And Glover says, “Diversity is a core belief of IBM in how we succeed in business. In order for IBM to successfully expand globally, we need a workforce that understands the local market. Our clients are as diverse as our employees. And there are now 5 generations in the workplace. We must focus on building communities inside of IBM to embrace differences to drive innovation globally.”
Diversity needs a Refresh
Diversity clearly needs a refresh. The misinterpretations of what diversity means and what it truly represents have limited its ability to have the real impact and influence it warrants in America’s corporations. In fact, the executives who get it today will tell you how concerned they are for their business, because their people, products, and services do not connect naturally with the new faces of America. As one executive told me, “Our business demands diversity and we are more uncomfortable with our lack of diversity preparedness than ever before. We are in trouble if we don’t fix it!” As a result, most companies have been forced to react not only to the changing face of America and but the mindsets of the global marketplace. Consequently, executives have started to confront the inevitable: a new business model that fully integrates diversity as a business growth enabler.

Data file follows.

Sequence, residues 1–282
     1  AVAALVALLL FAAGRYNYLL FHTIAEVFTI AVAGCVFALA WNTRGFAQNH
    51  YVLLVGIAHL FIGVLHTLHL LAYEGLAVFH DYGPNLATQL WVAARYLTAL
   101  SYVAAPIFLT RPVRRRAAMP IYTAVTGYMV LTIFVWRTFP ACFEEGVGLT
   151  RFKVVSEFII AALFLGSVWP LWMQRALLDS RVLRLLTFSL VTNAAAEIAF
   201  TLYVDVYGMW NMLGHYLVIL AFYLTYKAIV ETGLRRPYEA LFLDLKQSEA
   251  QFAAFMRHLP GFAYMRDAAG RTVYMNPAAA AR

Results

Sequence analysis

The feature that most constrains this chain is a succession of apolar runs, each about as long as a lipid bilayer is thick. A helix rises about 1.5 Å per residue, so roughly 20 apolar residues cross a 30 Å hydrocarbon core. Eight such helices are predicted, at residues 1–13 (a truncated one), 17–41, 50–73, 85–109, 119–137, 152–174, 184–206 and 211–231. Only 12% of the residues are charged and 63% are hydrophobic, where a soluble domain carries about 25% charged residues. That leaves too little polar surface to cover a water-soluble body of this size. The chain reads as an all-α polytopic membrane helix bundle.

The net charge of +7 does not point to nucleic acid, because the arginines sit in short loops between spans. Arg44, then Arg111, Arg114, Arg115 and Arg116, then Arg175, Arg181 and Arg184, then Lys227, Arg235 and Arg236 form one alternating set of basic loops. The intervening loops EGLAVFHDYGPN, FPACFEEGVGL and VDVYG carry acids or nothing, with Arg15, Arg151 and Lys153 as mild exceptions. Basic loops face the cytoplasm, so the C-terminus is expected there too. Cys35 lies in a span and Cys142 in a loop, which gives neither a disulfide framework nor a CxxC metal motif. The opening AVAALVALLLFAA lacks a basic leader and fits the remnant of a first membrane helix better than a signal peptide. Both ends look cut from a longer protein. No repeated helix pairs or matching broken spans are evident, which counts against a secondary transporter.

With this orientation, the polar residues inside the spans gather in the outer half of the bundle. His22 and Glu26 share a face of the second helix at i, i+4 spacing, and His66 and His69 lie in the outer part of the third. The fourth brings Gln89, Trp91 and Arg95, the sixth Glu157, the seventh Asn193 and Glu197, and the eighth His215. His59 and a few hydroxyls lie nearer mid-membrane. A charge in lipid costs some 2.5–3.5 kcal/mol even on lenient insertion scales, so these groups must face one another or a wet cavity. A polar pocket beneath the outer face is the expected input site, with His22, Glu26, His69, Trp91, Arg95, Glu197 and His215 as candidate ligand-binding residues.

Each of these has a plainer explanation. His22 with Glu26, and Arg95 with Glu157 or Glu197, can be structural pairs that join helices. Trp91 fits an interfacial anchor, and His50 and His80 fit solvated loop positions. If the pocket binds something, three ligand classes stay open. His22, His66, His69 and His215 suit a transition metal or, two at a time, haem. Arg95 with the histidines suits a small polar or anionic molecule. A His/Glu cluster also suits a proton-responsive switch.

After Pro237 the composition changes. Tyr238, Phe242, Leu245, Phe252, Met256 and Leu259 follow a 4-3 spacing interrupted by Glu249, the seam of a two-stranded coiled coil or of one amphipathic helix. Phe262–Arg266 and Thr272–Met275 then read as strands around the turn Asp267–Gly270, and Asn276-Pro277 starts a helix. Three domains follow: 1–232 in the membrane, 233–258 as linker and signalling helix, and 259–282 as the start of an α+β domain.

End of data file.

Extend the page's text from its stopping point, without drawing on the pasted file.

Kathy Hannan says, “No homogeneous talent pool can be innovative. Diversity is essential. And, there are broader implications across the whole supply chain. Diversity is about how you do business across the board.”
The Future of Diversity
To better understand the future of diversity management and its role as a business growth enabler, think back to when Information Technology (IT) was viewed as just a cost center. IT was not associated with driving business growth 20 years ago, but rather as a required cost of doing business. Just like diversity today, many people then thought IT got in the way of business. Today, IT is considered a profit center by many and a high priority for organizations as a business growth enabler. In fact, many CIOs (Chief Information Officers) are next in line for the CEO role.